When pitchers and catchers reported to Spring Training on Monday Feb. 13, the question on the minds of many Yankees fans was this: can the New York Yankees starting rotation rise to the occasion in 2017? Last season was filled with inconsistency and disappointment, and New York was forced to rely heavily on its bullpen. GM Brian Cashman flirted with the idea of dealing for Chicago White Sox ace Jose Quintana, but decided in the end that it wasn’t worth parting with any of the Yankees prized prospects. One or two of those prospects might have considerable impact soon.
New York Yankees Starting Rotation Preview
The Yankees best pitcher last season was ace Masahiro Tanaka, who, despite suffering an injury (forearm strain) for the third consecutive year, pitched well enough to be in the Cy Young conversation. The other starters were less than stellar, and that’s putting it nicely. Michael Pineda, who the Yankees keep hoping will develop into a No. 2 starter, finished with a 6-12 record and an ERA of 4.82. Another pitcher the organization has been extremely high on, Luis Severino, finished last year winless at 0-8 with an ERA of 8.50. He’ll have to put forth a better effort if he wants to make the rotation this season.
Barring any unforeseen complications or injuries, it’s safe to say that Tanaka, Pineda, and CC Sabathia are all guaranteed to be in the starting rotation. The remaining two spots will be open to competition.
On Tuesday, a day after pitchers and catchers reported to Spring Training, Yankees manager Joe Girardi named Tanaka his Opening Day starter. This will be Tanaka’s third consecutive start on Opening Day.
Tanaka, 28, finished the 2016 season with a 14-4 record, a 3.07 ERA, a 1.08 WHIP, and a 4.58 K/BB ratio in 199.2 innings pitched. Despite missing some time due to a strained forearm last season, the Japanese import was impressive enough to finish seventh in the AL Cy Young voting.
The Yankees ace does have an opt-out clause, which he can exercise following the 2017 season. Whether Tanaka plans to opt-out or not is bound to be a recurring topic for the New York media this season, especially if the right-hander has a sensational season.
Before Tanaka donned the pinstripes, Sabathia was the Yankees ace. The one-time lefty flame-thrower now has to rely on pitch location and wit to out-duel the opposing pitcher, which is becoming more and more difficult for Sabathia. His struggles are due in large part to declining health. In October, Sabathia underwent arthroscopic knee surgery and hasn’t thrown off a mound since his last start against the Boston Red Sox on September 29.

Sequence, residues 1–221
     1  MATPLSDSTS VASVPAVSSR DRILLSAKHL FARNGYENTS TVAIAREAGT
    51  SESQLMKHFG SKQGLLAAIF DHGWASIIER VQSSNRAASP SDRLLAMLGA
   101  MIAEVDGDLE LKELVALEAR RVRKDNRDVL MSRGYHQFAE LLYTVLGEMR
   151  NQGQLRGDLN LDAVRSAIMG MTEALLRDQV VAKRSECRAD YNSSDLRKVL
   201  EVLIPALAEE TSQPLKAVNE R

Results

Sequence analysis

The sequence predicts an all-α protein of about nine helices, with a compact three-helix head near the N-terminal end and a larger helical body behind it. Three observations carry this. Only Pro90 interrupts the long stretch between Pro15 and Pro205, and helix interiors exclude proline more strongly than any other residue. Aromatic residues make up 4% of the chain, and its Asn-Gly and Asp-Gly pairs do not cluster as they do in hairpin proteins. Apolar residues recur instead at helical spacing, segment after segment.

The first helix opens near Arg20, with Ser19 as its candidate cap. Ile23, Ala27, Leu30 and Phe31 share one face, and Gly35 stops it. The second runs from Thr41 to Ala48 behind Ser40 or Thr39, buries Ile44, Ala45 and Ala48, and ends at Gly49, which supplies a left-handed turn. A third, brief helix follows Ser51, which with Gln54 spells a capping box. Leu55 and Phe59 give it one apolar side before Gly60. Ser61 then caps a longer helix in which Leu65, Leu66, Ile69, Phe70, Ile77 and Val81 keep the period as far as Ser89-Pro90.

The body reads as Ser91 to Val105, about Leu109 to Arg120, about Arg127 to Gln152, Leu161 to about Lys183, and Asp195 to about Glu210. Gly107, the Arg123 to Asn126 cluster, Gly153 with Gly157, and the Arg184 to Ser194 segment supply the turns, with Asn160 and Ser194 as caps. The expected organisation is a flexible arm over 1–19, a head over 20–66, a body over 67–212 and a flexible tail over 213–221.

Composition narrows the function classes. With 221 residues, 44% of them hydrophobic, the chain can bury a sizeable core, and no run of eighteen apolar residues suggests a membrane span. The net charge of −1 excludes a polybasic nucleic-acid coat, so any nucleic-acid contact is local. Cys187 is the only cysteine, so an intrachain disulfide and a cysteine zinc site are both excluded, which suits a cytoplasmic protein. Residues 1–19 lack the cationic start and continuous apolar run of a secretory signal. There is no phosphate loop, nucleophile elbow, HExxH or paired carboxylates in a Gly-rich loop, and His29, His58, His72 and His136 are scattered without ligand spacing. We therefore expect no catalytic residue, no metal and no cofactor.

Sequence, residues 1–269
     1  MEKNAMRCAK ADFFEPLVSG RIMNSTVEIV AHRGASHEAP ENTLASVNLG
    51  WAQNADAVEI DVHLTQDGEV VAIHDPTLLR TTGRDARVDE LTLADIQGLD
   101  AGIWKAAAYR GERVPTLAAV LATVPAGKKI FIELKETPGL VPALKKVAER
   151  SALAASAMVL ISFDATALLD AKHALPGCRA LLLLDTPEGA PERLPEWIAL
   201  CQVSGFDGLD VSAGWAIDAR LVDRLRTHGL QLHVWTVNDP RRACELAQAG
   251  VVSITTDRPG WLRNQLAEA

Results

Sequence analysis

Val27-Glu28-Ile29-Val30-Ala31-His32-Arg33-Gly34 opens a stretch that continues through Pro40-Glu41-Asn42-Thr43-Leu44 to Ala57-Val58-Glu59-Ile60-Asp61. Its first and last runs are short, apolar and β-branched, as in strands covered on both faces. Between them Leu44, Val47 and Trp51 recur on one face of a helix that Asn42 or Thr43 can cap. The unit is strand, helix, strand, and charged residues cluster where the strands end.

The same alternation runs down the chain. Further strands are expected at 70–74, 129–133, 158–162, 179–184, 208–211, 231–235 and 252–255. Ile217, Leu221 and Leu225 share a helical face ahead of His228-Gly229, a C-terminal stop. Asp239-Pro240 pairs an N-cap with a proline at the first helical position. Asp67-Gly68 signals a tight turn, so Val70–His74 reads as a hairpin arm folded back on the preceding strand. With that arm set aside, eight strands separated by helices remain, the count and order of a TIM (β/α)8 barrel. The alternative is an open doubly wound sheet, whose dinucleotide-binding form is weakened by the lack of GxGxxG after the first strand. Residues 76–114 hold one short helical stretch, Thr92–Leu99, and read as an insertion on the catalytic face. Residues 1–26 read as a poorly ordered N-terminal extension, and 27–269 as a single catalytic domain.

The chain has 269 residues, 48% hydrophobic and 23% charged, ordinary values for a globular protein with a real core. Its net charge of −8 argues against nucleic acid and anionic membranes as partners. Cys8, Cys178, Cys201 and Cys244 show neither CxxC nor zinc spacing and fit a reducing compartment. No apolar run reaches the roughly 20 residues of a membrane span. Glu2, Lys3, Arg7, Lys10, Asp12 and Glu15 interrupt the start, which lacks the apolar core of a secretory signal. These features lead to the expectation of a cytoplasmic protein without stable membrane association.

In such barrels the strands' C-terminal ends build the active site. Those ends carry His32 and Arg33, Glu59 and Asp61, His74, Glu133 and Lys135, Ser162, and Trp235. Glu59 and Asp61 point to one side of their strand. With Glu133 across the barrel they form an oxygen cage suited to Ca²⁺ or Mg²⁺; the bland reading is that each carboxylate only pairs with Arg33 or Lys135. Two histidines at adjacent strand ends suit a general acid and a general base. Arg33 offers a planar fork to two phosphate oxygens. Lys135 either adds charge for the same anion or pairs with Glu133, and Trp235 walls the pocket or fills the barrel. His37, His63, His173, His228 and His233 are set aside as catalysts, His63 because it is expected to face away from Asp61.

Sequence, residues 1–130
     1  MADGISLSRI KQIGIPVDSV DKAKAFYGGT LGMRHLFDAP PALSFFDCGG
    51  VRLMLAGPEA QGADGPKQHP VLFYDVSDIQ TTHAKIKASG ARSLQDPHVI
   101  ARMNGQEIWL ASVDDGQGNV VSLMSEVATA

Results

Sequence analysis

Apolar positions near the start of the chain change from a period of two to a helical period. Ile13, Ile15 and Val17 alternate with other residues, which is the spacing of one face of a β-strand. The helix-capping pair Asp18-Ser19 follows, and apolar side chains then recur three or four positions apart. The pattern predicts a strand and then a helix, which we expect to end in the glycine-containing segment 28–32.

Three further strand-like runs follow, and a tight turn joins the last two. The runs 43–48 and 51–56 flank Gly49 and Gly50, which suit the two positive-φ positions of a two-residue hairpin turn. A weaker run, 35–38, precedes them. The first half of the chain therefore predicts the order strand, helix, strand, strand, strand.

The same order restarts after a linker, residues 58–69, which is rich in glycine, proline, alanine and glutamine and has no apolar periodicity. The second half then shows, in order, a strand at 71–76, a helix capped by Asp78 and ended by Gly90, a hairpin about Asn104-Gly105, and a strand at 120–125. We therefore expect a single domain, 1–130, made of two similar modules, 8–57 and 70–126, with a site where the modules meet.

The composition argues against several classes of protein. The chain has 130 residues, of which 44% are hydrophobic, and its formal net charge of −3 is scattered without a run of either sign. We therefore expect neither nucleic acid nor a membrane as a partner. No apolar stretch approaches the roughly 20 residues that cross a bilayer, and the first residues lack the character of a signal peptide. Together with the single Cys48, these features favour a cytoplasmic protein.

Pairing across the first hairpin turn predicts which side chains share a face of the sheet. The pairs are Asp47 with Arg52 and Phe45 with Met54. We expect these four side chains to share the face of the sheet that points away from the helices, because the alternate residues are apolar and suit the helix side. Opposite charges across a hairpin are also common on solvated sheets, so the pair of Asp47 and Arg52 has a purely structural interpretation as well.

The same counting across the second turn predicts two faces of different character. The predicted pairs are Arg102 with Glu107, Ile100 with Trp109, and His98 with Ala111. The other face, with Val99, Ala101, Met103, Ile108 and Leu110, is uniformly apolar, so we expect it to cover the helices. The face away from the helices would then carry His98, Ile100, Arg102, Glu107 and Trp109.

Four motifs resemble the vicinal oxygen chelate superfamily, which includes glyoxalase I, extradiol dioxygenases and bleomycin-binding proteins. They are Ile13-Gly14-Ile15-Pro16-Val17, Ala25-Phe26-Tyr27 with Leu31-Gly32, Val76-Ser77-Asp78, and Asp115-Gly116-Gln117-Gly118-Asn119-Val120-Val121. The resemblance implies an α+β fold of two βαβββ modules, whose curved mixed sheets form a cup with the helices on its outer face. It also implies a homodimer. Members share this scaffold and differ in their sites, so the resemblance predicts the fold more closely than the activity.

The number two spot in the rotation should come down to either Sabathia or Pineda. The 36-year-old appears to be the logical choice, given his ability to eat innings. Sabathia made 30 starts last season and finished at 9-12 with a 3.91 ERA in 179.2 innings, the most innings pitched for the one-time Cleveland Indians star since 2013.
This season is most likely Sabathia’s last in pinstripes, as he’s entering the final year of a five-year, $122 million contract. He’s scheduled to make $25 million this year. The veteran is entering his eighth season as a member of the Yankees.
Pineda is coming off a disappointing and lackluster season, in which he posted a 4.82 ERA and a 1.3 WHIP in 175.2 innings. He struck out a career-high 207 batters. The strikeouts were muted, however, by the 27 home runs he allowed in 32 starts. The hard-throwing right-hander finished the season with a 6-12 record. However, upon closer inspections of Pineda’s numbers from last year, it becomes clear that he wasn’t as bad as his record would indicate. He led the American League with 10.6 strikeouts per nine innings, while only walking 53 batters. Those stats compliment his FIP of 3.79, which was a full run lower than his ERA.
The 28-year-old is in the final year of his contract, and can become a free agent at the end of the season. Pineda has indicated that he’d like to remain in New York, but unless he can prove that he’s more than just a pitcher with potential, this may very well be his last year in pinstripes.
Pitchers Vying for the Final Two Spots
In 2016, Green and Cessa were added to the roster as depth for the starting rotation. Last season was Cessa’s first in the Majors, and he posted a 4.35 ERA and a 1.11 WHIP in 70.1 innings, while going 4-4. Cessa’s odds of landing a spot in the rotation are low, but he could add some value in the bullpen if he’s given more time to develop.
Severino struggled tremendously last year after showing flashes of dominance in 2015, when he went 5-3 with a 2.89 ERA in eleven starts. But after going 3-8 with a 5.83 ERA and a 1.45 WHIP in 71 innings in 2016, he’ll have to show Girardi that he can be far more consistent with his pitches in the strike zone. Severino has been working on a change-up to compliment his 96.7 MPH fastball. If he can improve his strike-to-walk ratio, he could take over the fifth spot in the rotation before long.
Mitchell, a former top prospect, got off to a great start last year in Spring Training until he fractured his big toe and needed surgery. The Yankees are excited to see what Mitchell can do now that he is healthy. If he pitches well, he should earn a spot in the rotation.
Green is a talented right-hander who possess a great sinker that helped him strikeout 52 batters in 12 games, while posting a 4.73 ERA and a 1.40 WHIP in 45.2 innings last season. Green could prove vital out of the bullpen and as a spot starter should someone miss time due to injury.
The Yankees are a team in transition as Cashman works to turn over the roster and get younger. To do that, the Yankees need to unload some veteran contracts, like those of Brett Gardner, Jacoby Ellsbury, and Chase Headley. Following this season, the Yankees will be free of Alex Rodriguez‘s and Sabathia’s hefty contracts. With a group of top prospects waiting to come up, the Yankees could be a completely different team come 2018.